On a related note, it seems more policymakers are willing to explicitly allege that too many parents use homeschooling as a way to hide evil actions against their children and that a major purpose of schools or school laws is to keep all children under the eye of the state and to try to “catch bad people” before they commit evil deeds. For example, some in Florida recently suggested law or policy might need to be changed regarding homeschooling because some parents allegedly pulled their children out of public school so they could hide their abuse.19 Many persons miss, however, two major points here. First, the Florida Department of Children and Families already knew about the matter and admits that it needs to work to repair the “. . . total systematic failure of the child welfare system.”20 Second, in a free nation, education or schooling laws, if they should exist at all, should be used to encourage literacy in citizens and should not be used as pre-emptive dragnets to control families’ lives in order to try to detect or catch “evil people” before they do bad things.

Most of the arguments against home education or for state control over private home education also essentially ignore three things. First, there is no empirical research evidence to support their claims that homeschooling causes or will cause negative effects for individuals or for society. Second, pushing for state control does not truly give the child more control or protect his rights more; it simply gives the state more power than either the parent or child and gives the state ultimate power over the child. Third, a nation like the United States that considers the people “free,” is a constitutional republic based on Biblical Scriptural concepts, and considers parents able to freely conduct their families’ lives unless there is compelling evidence that they are harming their children should not be considering ways to infringe on parents’ fundamental right to direct the education and upbringing of their children.21

In Sum

Research continues to show very positive outcomes and behaviors related to homeschooling. Although research on home-based education does not cover all possibilities and nuances to be considered in scientific endeavors, no empirical evidence exists that homeschooling is generally harming children or society. Finally, research cannot answer the question, Should parents nurture and educate their children in the context of parent-led home-based education as the norm? Ultimately, only divine revelation can properly answer that.

Brian D. Ray is an internationally known scholar and president of the nonprofit National Home Education Research Institute in Oregon, U.S.A. (www.NHERI.org). He earned his Ph.D. in science education from Oregon State University, M.S. in zoology from Ohio University, and B.S. in Biology from the University of Puget Sound. He has been a professor of science and education at the undergraduate and graduate levels, has been a classroom teacher in both public and private schools, and has taught homeschool students. Dr. Ray does research and speaking internationally and provides expert testimony to legislators and in courts that focus on homeschooling (home-based education, home education, home schooling) research and pedagogy.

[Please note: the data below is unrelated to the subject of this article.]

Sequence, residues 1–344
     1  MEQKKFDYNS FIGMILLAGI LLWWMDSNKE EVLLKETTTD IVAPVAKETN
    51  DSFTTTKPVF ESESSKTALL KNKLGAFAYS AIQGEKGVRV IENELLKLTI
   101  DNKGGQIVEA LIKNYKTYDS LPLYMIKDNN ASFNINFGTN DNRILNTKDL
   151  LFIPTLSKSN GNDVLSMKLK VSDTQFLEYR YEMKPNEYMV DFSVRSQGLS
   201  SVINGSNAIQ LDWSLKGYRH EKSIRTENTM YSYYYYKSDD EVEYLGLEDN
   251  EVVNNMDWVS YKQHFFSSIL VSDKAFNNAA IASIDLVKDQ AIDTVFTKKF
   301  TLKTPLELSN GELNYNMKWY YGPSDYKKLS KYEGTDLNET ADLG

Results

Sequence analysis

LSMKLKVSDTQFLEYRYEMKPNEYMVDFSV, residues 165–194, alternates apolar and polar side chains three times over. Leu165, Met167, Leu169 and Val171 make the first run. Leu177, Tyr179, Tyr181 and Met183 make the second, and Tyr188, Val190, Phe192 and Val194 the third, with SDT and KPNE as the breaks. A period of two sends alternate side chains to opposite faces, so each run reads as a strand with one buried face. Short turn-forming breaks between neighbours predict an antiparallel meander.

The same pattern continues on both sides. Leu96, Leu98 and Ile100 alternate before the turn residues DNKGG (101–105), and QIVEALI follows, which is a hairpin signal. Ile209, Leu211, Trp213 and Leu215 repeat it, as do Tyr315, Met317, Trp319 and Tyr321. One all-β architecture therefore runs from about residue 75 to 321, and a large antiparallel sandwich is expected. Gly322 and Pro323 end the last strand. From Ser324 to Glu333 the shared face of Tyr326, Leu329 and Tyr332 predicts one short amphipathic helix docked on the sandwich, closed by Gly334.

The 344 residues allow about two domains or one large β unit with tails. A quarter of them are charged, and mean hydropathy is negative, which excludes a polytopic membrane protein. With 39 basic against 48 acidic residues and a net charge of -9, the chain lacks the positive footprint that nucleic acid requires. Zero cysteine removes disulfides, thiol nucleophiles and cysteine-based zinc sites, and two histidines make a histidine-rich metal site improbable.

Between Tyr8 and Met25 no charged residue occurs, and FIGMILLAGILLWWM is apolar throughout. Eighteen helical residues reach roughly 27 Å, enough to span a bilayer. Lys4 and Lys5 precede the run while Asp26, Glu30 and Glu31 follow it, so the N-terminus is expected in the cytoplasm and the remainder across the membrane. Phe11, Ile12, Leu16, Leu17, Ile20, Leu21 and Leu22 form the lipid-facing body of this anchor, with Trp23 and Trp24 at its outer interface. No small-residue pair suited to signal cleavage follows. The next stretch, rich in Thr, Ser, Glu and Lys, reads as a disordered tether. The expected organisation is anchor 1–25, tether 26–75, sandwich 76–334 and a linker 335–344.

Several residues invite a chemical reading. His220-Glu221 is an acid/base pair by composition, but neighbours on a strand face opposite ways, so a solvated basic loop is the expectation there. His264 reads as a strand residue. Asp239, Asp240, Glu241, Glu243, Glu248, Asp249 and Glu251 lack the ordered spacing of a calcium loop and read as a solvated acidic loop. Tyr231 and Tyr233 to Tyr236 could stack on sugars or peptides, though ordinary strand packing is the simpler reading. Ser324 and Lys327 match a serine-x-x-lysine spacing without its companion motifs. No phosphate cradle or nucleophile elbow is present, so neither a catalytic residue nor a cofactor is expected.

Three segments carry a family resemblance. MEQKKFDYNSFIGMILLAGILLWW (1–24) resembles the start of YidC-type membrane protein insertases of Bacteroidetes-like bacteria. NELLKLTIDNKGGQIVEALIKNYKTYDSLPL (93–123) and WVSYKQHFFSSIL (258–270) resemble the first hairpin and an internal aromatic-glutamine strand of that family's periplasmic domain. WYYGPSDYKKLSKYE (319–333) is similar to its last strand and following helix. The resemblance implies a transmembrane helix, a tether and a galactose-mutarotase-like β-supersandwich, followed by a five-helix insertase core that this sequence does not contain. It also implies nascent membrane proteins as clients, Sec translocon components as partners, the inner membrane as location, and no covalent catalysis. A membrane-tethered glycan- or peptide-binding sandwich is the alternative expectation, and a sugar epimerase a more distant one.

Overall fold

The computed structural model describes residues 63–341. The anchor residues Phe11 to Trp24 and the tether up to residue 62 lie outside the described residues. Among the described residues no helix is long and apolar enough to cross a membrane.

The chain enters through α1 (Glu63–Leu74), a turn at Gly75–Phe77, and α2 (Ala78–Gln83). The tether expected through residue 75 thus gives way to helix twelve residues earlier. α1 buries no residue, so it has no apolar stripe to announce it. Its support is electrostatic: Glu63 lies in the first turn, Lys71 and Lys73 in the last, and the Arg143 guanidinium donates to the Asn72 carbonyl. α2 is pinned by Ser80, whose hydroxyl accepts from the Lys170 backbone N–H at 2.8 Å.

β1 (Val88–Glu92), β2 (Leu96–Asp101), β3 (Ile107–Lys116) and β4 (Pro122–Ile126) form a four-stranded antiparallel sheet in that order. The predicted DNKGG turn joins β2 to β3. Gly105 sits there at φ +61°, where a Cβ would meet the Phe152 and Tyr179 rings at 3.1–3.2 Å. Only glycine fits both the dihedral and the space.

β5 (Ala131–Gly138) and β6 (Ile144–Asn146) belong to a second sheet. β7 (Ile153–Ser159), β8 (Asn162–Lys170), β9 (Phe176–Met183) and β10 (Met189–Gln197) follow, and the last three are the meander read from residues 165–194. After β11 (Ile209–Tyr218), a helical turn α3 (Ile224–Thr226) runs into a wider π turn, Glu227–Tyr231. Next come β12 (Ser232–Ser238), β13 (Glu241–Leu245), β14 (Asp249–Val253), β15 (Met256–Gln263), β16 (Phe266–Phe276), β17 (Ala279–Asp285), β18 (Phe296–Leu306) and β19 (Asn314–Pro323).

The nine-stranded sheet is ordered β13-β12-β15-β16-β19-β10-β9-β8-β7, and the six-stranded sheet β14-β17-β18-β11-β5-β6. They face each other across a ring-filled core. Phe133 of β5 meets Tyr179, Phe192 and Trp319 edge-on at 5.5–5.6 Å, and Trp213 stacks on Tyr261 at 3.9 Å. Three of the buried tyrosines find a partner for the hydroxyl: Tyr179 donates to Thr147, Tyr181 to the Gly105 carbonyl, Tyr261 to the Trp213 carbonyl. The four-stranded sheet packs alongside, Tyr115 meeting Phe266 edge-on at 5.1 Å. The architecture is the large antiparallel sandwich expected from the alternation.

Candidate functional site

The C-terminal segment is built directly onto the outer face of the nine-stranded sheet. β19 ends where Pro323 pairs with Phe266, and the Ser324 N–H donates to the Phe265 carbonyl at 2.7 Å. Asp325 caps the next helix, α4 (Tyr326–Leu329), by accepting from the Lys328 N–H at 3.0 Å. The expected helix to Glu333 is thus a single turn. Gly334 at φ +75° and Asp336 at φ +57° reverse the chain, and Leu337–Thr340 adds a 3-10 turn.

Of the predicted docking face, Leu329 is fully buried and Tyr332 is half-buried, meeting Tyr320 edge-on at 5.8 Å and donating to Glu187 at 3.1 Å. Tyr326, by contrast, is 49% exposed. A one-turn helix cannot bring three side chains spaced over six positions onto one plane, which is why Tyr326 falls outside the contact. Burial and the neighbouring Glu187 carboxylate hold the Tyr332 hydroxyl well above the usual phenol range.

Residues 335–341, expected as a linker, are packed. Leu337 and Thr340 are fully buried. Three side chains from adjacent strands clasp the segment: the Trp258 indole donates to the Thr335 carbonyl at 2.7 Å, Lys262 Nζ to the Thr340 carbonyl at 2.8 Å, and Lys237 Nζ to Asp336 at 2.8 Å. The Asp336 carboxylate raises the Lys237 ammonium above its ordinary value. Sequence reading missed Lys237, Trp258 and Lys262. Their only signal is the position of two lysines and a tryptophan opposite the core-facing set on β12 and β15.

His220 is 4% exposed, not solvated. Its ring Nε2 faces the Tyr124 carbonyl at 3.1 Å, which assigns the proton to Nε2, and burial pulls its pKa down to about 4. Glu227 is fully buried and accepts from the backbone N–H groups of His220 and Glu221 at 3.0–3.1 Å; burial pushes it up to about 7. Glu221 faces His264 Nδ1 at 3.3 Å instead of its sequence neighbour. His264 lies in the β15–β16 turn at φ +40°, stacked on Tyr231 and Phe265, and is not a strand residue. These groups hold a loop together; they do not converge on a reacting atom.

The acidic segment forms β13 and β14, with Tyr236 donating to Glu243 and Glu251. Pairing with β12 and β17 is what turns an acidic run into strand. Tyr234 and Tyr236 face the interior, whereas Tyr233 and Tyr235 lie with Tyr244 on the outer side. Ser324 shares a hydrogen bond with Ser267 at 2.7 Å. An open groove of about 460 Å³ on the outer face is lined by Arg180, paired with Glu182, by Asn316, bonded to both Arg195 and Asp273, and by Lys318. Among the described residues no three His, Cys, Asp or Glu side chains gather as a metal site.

Endnotes:

1. Lines, Patricia M. (1991, October). “Estimating the Home Schooled Population” (working paper OR 91-537). Washington DC: Office of Educational Research and Improvement, U.S. Department of Education.
2. Ray, Brian D. (2011). 2.04 “Million Homeschool Students in the United States in 2010.” Salem, OR: National Home Education Research Institute. Retrieved 1/7/2011 online www.nheri.org/HomeschoolPopulationReport2010.pdf.
3. Ray, Brian D. (2010, February 3). “Academic Achievement and Demographic Traits of Homeschool Students: A Nationwide Study.” Academic Leadership Journal, 8(1). Retrieved February 10, 2010 from www.academicleadership.org/emprical_research/Academic_Achievement_and_Demographic_Traits_of_Homeschool_Students_A_Nationwide_Study.shtml. Also see research at www.nheri.org.
4. Rudner, Lawrence M. (1999). “Scholastic Achievement and Demographic Characteristics of Home School Students In 1998.” Educational Policy Analysis Archives, 7(8), and retrieved 1/21/2010 from epaa.asu.edu/ojs/article/viewFile/543/666.
5. Ray, 2010, see above.
6. Oregon Department of Education [Office of Student Services]. (1999, May 20). “Annual report of home school statistics” [1998-99]. Salem, OR: Author. Also retrieved 7/14/2010 from www.ode.state.or.us/search/page/?id=2081. Tennessee Department of Education. (1988). “Tennessee Statewide Averages, Home School Student Test Results, Stanford Achievement Test, Grades 2, 5, 7 and 9.” Nashville, TN: Author.
7. Ray, 2010, see above. Ray, Brian D. (2000). “Home Schooling: The Ameliorator of Negative Influences on Learning? Peabody Journal of Education, 75(1 & 2), 71-106. Ray, Brian D. (1997). Strengths of Their Own: Home Schoolers Across America: Academic Achievement, Family Characteristics, and Longitudinal Traits. Salem, OR: National Home Education Research Institute (www.nheri.org).
8. Ray, Brian D., and Eagleson, Bruce K. (2008, August 14). “State Regulation of Homeschooling and Homeschoolers’ SAT Scores.” Journal of Academic Leadership, 6(3). Retrieved December 7, 2010 from www.academicleadership.org/article/State_Regulation_of_Homeschooling_and_Homeschoolers_SAT_Scores.